Only a commentator with a particular agenda would draw the conclusion from a list like that that videogames (or screen use generally) represents any kind of problem. It's a typical instance of confusing correlation and causation. If a child is spending all their time indoors, then they will probably be using a screen for four or more hours. You won't ever see the press complaining that reading books is the problem!

I suggest the following headline: "Children should take vitamin D supplements".

So no, that is not a suitable story for the gaming press.

stuff like this, the kneejerk reaction, all of it makes me wish civilization had a siphon for sociopaths and extreme narcissists...you know, some way to throw them under the bus en masse, or at least draw them into congregating in a permanent fashion?

Dom Camus:

I suggest the following headline: "Children should take vitamin D supplements".

So no, that is not a suitable story for the gaming press.

This brings up an interesting point.

It seems the study could have avoided this issue altogether if it just framed things differently. As has already been pointed out, much of the coverage of the issue seemed to commit the error of equating correlation and causation. But the researchers themselves could have simply framed their category as "children with less than (x) hours sunlight/outdoor activity" instead of "children with more than (y) hours in front of a screen."

The analysis seems to indicate that they were only using "hours in front of a screen" as a stand in for "hours not outside" anyhow. Still, it's easier for parents to identify their own children by the "hours in front of a screen" category, which seems to be why it would be framed this way.

Another problem, though, is that these parents of this one potentially-at-risk group (kids in front of screens) are probably not likely to get news like this from gaming journalists (unless they are gamers themselves), so I agree that it was not really a story for the gaming press in the first place.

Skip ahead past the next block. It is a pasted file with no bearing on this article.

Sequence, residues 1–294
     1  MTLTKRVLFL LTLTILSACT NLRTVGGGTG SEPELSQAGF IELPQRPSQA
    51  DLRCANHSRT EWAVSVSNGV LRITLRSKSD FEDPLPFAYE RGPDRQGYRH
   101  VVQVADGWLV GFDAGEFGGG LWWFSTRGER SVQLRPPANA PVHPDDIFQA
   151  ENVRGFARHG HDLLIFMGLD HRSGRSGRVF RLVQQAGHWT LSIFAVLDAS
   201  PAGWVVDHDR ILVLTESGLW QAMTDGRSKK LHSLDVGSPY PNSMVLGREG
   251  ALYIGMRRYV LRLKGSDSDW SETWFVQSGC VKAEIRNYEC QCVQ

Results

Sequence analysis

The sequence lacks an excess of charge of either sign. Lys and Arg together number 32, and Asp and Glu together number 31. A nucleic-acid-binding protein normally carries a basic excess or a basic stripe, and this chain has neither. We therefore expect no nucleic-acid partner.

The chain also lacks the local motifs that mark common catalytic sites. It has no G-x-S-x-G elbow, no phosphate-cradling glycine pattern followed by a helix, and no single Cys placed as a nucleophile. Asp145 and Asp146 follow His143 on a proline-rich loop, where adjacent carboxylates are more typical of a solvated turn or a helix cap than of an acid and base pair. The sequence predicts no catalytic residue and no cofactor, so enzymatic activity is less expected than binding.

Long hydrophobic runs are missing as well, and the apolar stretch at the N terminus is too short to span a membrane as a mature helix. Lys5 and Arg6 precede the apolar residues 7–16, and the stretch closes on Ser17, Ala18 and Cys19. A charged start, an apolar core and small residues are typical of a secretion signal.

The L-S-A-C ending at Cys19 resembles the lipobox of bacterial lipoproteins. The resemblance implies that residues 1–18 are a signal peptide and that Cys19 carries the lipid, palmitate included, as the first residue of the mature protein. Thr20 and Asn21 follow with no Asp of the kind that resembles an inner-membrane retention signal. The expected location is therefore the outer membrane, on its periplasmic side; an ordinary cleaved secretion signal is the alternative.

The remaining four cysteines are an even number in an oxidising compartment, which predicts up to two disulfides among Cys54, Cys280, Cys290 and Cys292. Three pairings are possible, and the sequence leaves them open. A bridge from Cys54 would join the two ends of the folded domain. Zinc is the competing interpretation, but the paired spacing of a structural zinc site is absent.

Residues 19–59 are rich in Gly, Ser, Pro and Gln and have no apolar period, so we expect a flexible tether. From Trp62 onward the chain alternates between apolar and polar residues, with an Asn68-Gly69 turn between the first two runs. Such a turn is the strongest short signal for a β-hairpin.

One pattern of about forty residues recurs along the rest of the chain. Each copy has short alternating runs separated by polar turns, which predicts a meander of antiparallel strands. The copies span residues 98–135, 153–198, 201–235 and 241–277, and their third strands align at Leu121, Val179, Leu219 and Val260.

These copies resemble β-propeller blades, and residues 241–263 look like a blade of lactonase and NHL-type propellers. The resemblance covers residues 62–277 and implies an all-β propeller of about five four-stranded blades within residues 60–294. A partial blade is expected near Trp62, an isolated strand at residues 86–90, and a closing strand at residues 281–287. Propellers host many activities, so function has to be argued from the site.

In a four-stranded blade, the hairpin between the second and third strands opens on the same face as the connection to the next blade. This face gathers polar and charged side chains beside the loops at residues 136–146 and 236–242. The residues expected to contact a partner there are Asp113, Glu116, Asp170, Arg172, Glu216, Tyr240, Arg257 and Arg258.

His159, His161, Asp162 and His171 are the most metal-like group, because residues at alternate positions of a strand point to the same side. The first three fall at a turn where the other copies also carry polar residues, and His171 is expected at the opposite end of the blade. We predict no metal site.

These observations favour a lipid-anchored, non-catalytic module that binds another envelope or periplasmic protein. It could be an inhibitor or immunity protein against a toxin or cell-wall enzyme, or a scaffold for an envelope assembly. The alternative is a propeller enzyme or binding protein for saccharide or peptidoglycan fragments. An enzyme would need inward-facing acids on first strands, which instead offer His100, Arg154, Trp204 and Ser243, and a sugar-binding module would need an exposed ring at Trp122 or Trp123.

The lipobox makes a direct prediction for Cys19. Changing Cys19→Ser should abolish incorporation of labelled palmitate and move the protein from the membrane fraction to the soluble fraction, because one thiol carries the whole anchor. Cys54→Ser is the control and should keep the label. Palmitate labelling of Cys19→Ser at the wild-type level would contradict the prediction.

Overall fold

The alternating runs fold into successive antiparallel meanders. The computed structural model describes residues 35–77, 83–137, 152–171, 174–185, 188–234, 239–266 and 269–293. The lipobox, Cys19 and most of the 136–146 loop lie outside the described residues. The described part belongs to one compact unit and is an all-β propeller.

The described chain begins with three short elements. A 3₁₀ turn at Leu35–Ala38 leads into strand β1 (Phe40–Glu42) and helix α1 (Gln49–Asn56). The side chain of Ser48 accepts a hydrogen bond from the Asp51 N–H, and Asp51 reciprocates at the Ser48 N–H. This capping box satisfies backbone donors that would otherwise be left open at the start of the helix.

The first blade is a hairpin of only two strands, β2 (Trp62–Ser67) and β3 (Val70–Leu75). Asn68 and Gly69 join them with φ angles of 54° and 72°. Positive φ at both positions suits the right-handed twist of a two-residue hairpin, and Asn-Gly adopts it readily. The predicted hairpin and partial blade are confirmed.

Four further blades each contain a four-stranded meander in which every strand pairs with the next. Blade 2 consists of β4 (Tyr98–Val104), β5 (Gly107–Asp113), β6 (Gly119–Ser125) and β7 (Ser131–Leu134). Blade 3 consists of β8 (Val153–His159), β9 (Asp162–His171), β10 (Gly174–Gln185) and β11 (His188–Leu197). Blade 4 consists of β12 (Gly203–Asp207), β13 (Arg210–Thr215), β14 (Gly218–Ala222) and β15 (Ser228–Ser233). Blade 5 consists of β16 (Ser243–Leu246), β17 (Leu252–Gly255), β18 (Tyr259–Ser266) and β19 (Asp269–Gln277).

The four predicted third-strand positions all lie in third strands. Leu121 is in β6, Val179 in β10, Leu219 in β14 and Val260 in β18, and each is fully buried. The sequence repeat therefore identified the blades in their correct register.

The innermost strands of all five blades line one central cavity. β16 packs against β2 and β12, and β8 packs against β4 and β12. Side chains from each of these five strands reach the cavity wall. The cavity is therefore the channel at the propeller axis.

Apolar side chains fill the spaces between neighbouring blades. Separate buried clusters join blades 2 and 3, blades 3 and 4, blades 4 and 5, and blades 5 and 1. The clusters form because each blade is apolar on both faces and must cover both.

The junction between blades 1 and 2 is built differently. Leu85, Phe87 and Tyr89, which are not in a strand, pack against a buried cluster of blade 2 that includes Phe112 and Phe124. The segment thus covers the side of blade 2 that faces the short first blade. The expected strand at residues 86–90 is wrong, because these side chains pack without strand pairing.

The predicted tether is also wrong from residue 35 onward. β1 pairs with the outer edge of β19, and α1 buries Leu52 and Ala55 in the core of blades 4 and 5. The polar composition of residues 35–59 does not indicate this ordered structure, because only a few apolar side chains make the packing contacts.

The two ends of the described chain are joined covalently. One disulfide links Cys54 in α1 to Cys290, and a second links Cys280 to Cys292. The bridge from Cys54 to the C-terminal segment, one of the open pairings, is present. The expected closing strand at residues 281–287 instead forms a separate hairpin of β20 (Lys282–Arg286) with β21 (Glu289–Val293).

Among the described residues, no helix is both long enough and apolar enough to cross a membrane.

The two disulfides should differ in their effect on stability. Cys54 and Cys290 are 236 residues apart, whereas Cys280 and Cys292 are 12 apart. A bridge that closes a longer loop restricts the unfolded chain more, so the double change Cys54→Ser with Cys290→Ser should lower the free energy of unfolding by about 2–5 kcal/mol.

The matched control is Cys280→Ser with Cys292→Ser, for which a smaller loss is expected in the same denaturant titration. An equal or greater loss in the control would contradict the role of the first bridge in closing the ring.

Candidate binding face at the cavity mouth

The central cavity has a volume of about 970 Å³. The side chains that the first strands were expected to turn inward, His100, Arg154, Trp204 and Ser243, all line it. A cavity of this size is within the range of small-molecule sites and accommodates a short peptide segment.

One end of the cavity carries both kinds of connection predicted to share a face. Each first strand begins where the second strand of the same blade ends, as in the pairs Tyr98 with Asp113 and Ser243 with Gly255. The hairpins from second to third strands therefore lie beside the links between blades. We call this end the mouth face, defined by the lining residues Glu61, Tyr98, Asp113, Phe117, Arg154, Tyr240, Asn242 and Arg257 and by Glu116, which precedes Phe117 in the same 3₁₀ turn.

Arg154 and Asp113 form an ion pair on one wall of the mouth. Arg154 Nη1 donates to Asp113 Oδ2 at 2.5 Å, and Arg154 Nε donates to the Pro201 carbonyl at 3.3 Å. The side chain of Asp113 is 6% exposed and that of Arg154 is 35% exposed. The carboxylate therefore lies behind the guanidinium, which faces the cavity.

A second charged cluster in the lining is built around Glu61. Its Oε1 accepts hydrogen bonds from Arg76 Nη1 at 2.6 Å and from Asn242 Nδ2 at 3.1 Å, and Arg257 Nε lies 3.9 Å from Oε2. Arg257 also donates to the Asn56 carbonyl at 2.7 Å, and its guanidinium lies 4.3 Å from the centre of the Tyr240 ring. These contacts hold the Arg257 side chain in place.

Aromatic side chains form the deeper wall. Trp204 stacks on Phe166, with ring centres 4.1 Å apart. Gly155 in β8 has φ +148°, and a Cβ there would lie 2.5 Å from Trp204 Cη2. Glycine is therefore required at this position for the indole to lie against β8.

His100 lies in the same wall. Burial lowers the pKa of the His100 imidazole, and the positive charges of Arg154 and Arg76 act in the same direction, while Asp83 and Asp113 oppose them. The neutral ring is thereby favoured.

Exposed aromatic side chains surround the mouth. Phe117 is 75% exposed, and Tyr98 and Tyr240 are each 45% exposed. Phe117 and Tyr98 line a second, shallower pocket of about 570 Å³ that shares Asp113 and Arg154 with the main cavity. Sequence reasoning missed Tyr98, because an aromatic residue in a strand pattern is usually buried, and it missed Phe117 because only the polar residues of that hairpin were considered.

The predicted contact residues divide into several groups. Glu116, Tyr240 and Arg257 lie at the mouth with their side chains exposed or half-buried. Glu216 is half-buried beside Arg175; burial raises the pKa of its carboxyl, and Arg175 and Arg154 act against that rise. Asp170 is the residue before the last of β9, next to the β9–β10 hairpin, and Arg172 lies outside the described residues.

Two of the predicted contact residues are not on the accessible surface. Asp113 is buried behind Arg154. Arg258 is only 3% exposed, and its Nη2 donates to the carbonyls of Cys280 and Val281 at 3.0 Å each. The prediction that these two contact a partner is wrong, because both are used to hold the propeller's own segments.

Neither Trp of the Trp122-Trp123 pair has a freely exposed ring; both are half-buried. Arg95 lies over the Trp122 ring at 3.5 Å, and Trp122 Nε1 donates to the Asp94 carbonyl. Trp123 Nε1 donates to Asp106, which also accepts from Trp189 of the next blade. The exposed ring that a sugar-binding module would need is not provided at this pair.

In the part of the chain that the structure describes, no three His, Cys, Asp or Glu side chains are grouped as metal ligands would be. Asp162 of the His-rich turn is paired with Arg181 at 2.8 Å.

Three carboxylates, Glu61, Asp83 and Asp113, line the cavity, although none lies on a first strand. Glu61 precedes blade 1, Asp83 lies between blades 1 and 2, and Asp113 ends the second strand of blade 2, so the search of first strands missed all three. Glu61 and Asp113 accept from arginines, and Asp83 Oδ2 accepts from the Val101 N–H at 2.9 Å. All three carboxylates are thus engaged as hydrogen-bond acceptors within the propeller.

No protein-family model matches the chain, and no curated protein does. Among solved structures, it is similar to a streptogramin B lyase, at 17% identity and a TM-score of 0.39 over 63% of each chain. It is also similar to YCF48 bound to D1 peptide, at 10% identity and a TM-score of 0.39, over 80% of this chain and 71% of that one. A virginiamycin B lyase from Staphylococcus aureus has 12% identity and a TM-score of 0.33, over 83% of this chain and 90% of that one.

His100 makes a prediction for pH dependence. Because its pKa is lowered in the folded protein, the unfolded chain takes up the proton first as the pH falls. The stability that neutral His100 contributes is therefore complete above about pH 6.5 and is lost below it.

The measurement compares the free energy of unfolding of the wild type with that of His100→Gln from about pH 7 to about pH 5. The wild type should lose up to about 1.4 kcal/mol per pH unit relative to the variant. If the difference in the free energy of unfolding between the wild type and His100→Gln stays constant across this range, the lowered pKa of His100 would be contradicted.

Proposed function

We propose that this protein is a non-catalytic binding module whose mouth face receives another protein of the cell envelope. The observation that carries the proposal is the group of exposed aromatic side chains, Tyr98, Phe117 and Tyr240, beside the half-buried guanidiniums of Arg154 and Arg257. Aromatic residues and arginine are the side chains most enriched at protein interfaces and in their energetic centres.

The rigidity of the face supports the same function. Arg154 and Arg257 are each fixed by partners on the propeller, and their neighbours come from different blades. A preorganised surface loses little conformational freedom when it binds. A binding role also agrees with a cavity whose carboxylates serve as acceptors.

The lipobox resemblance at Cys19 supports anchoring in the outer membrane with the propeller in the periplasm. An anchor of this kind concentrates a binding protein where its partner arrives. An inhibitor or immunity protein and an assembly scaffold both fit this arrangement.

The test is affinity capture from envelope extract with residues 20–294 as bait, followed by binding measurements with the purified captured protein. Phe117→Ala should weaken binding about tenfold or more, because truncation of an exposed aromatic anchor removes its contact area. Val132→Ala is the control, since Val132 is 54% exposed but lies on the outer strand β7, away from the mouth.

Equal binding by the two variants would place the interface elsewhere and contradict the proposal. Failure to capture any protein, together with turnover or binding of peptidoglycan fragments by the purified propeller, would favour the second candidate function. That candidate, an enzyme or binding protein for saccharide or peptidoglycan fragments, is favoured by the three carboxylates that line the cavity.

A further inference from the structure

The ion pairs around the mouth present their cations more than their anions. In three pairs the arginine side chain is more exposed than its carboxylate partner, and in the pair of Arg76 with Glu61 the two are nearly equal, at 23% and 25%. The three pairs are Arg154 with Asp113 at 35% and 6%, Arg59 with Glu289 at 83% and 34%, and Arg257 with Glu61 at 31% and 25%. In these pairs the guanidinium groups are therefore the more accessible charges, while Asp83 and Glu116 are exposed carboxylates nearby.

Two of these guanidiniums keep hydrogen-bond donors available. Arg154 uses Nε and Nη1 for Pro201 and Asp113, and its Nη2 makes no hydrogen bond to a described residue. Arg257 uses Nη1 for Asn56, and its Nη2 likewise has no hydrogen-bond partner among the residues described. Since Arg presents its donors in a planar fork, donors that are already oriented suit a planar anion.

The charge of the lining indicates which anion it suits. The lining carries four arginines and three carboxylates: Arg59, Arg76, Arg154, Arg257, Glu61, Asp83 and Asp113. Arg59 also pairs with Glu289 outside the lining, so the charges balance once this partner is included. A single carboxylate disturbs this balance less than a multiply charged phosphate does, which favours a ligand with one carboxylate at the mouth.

Indeed, indeed. We, gamers, are quickly turning into a group that will angrily lash out at anything we find doesn't agree with the way we act. As games become more mainstream, the 'hardcore' gamer is becoming one of those fringe groups that lash out at any media that becomes well known and defends only its own obscure, impenetrable take on its media.

I expected this from Destructoid, which is silly and that is kind of its point, but not from GamePolitics.

copycatalyst:

Dom Camus:

I suggest the following headline: "Children should take vitamin D supplements".

So no, that is not a suitable story for the gaming press.

This brings up an interesting point.

It seems the study could have avoided this issue altogether if it just framed things differently. As has already been pointed out, much of the coverage of the issue seemed to commit the error of equating correlation and causation. But the researchers themselves could have simply framed their category as "children with less than (x) hours sunlight/outdoor activity" instead of "children with more than (y) hours in front of a screen."

The analysis seems to indicate that they were only using "hours in front of a screen" as a stand in for "hours not outside" anyhow. Still, it's easier for parents to identify their own children by the "hours in front of a screen" category, which seems to be why it would be framed this way.

Another problem, though, is that these parents of this one potentially-at-risk group (kids in front of screens) are probably not likely to get news like this from gaming journalists (unless they are gamers themselves), so I agree that it was not really a story for the gaming press in the first place.

But, read the article carefully. It says that one of many things that were measures was the amount of hours spent using electronic entertainment. A correlation was found. They put it in their conclusion, as is their job. Everything else is media circus.

The Random One:

But, read the article carefully. It says that one of many things that were measures was the amount of hours spent using electronic entertainment. A correlation was found. They put it in their conclusion, as is their job. Everything else is media circus.

"In a phone interview, Melamed explains playing videogames doesn't cause low vitamin D levels. It's the decreased time kids spend outdoors that does, since a primary source of vitamin D is sunlight."

The correlation that was found is, as I said, using 'time in front of a TV' as a stand in for 'time not outside.'

You can get your vitamin D from heavy dairy intake.

I live in Washington state, where the sun dissapears for half a year under heavy rainfall. I haven't seen a ray of light in 2 weeks. & when the sun does come out, I still can't go outside. Do you know how hard it is for a redhead to avoid getting freckles?

You only need about 1 hour of sunlight on your face to get your vitamin D for the day. Less time than that if you expose more skin. Dairy will help, but it can also lead to that unfortunate side effect of diarrhea.